At every stage of our involvement the Canadian “battle group” was the most heavily equipped ground combat force in Afghanistan. LAV llls and Coyotes mounting 25mm cannons and Leopards with 105 or 120mm guns were far above anything the Americans deployed. The “poorly equipped CF” is a myth.

      • *Robust peace support.” Not sure where that came from but that isn’t what the Liberals were told and it isn’t what they believed. The Liberals knew it was a combat mission from the get go. We know this, because Defense Minister Bill Graham toured Canada during the election in December 2005 and held public hearings in every major city. To his credit, he was very frank in explaining that the mission was absolutely not peacekeeping. He specified it was a “combat mission”, a “counter-insurgency” mission, and that we should “expect casualties”. He was brutally honest about it. Since Bill Graham knew exactly what it was in December 2005, both the Liberals and the Conservatives knew exactly what kind of mission it would be before it started. They may have been surprised by exactly how ferocious the fighting was, but the nature of the mission was never in doubt.

        • Expect casualties yes but I don’t recall the use of “counter-insurgency” or “combat mission”. See “the Unexpected War” by Stein and Lang, page 185-186 for a description of what Graham was told. No use of “war” and no use of “counter-insurgency”. ” As late as January 2006 DND officials were still referring to the Kandahar deployment as “a more robust peace support role…”.

          Hillier got to be CDS by agreeing with the Liberals on the need to focus more on peace support. For example he recommended the CF get rid of tanks. Whether he knew Kandahar would be a war and lied or whether he simply gave the government bad advice is the question. There’s no question he lead the government to believe Kandahar would be far easier than it was.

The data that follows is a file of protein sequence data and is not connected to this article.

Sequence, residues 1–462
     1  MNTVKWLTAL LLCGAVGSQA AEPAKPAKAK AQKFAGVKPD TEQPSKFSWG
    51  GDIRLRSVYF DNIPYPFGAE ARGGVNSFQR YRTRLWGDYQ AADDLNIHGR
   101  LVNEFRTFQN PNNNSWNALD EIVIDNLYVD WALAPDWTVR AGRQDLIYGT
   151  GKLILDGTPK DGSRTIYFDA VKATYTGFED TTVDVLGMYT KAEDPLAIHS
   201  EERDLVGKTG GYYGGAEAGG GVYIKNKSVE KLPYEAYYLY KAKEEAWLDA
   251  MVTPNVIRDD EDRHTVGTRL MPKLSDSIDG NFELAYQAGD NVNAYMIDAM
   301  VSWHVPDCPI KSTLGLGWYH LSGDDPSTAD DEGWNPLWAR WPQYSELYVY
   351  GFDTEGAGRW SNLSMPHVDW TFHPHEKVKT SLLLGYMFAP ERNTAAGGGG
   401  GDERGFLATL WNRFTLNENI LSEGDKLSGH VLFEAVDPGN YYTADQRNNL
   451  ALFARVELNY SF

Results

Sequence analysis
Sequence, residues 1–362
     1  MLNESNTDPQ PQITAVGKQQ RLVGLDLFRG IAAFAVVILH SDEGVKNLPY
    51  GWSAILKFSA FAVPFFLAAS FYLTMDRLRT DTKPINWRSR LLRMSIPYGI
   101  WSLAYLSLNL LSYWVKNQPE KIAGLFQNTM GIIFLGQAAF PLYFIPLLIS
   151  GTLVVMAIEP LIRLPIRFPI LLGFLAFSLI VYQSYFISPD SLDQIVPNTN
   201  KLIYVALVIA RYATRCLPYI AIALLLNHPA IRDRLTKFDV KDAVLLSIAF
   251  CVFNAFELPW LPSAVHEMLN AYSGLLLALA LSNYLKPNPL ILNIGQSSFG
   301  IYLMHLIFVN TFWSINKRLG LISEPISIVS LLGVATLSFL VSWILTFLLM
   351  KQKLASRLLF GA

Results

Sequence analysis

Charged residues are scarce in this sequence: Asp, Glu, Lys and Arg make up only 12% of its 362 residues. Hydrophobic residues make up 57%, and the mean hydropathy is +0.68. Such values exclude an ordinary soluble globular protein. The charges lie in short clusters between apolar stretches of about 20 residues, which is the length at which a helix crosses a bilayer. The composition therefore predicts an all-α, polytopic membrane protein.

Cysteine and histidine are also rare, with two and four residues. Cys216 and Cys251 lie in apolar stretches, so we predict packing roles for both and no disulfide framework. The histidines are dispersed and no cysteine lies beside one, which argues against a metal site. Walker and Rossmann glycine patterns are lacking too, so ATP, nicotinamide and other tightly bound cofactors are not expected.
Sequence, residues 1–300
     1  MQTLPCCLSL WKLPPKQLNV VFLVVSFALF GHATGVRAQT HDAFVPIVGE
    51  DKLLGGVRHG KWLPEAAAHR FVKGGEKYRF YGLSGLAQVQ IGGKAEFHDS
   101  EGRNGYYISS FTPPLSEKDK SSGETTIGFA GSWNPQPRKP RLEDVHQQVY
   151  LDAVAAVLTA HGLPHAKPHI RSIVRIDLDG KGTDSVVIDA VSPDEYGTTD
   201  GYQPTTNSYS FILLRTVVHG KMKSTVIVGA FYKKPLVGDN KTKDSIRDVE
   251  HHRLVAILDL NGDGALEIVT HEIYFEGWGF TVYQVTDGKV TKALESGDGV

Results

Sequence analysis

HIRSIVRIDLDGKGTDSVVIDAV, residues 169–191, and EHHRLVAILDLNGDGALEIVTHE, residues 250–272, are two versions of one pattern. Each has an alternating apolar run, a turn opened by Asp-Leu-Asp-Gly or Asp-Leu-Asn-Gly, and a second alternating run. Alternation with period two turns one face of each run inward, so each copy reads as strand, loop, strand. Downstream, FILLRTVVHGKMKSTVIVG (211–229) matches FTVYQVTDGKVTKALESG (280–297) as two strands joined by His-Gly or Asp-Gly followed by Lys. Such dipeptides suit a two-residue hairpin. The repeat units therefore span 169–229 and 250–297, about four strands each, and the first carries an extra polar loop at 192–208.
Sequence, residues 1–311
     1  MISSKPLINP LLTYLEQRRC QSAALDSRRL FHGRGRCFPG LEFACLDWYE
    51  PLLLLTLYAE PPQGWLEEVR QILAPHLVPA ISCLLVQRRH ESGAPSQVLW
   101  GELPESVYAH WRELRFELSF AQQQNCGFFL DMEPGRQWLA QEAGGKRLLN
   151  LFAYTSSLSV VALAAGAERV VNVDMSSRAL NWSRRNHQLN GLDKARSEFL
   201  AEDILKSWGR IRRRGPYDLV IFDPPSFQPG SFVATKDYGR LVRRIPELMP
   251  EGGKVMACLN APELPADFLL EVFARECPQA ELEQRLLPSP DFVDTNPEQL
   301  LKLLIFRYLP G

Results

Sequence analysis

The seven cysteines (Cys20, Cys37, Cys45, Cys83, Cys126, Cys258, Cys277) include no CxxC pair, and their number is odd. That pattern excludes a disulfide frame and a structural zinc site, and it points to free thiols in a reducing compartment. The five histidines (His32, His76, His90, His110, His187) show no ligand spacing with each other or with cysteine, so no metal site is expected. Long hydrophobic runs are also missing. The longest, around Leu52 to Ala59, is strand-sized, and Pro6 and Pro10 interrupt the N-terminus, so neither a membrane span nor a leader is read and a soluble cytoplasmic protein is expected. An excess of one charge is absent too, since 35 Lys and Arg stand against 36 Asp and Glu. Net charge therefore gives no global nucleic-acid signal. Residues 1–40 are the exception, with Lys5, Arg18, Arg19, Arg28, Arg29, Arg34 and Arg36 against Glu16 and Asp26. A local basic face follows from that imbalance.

2. OP Medusa’s success was grossly exaggerated. The CF believed that public support would wane if it wasn’t fed feel good stories. The result was stories cooked up “killing 1000 Taliban” and “saving the country”. The 1000 dead became Sajjan’s “removed 1500 from the battlefield” and the death toll eventually dropped to 550. I suspect that’s till far to high.

    We’ve been told that the operation brought security to Panjwi and Shari Districts. It didn’t. (http://icasualties.org/OEF/) has a list of coalition fatal casualties. Those two districts are shown as the location of the deaths of 52 Canadian soldiers after Medusa ended up to the time of CF withdrawal. There are also US deaths shown. Other deaths are listed as Kandahar and the soldiers wounds may well have occurred in Panjwi or Shari but the death happened at hospital in KAF. In Afghanistan for every Coalition death there were 10 wounded. That’s at least 550 CF casualties in the two “secure” districts after Medusa.

    On top of Coalition casualties we have to consider the ANSF. Riding in pickups with poor body armour and limited training what were Afghan casualties like? Ten times worse? That’s thousands of Afghan casualties in a four year period.

    OP Medusa did not “secure” any part of Kandahar. It was a muddled operation. Why wouldn’t it be? Few if any Canadians had taken part in a real life major attack before. None had commanded one. At the time few Canadians were used to DND dishonesty and many jumped to believe that the CF had saved the day. Like “fight them there so we don’t fight them here” , the stories of successful development and “little girls to school” Medusa was just part of the PR campaign aimed at the public.

  3. There is no possible way that anyone serving in Afghanistan wouldn’t have heard stories about how the ANSF and especially the NDS abused prisoners. It was expected by Afghans that prisoners would at least get beaten. It was no secret and many Afghans were quite happy to have the Taliban (and normal criminals) get theirs. If Sajjan was as connected with the Afghans as Fraser said he was (realizing that senior officer assessments are always exaggerated and there would reflected glory back on Fraser and the army) then he must have known about the reputation of the NDS. If he knew why didn’t the rest of the chain of command? If they heard rumours then turning over detainees should have be stopped until the stories were refuted.